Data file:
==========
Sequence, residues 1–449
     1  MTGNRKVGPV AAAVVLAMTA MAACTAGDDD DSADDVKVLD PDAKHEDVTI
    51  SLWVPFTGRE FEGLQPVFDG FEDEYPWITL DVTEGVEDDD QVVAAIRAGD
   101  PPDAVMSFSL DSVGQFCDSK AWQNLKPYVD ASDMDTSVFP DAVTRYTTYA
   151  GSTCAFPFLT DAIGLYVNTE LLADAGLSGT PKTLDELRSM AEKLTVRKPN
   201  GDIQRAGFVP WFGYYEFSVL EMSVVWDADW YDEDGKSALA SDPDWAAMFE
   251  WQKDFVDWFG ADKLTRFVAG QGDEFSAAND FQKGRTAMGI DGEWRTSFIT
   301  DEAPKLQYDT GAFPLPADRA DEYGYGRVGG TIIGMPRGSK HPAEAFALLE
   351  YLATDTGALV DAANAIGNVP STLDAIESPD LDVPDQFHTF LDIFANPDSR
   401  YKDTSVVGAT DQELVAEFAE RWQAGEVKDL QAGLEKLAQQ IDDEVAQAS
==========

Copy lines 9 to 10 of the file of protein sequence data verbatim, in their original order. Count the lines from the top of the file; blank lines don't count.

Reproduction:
   351  YLATDTGALV DAANAIGNVP STLDAIESPD LDVPDQFHTF LDIFANPDSR
   401  YKDTSVVGAT DQELVAEFAE RWQAGEVKDL QAGLEKLAQQ IDDEVAQAS